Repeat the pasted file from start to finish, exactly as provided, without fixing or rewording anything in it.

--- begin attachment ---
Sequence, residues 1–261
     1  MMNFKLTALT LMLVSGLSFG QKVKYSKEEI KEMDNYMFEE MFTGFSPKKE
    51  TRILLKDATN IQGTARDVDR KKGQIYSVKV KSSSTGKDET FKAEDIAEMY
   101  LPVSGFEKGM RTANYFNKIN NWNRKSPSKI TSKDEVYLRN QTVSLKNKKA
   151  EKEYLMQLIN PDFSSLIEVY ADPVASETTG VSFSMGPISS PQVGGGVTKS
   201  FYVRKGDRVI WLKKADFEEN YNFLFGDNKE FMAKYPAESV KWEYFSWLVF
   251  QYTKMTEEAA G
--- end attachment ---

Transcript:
Sequence, residues 1–261
     1  MMNFKLTALT LMLVSGLSFG QKVKYSKEEI KEMDNYMFEE MFTGFSPKKE
    51  TRILLKDATN IQGTARDVDR KKGQIYSVKV KSSSTGKDET FKAEDIAEMY
   101  LPVSGFEKGM RTANYFNKIN NWNRKSPSKI TSKDEVYLRN QTVSLKNKKA
   151  EKEYLMQLIN PDFSSLIEVY ADPVASETTG VSFSMGPISS PQVGGGVTKS
   201  FYVRKGDRVI WLKKADFEEN YNFLFGDNKE FMAKYPAESV KWEYFSWLVF
   251  QYTKMTEEAA G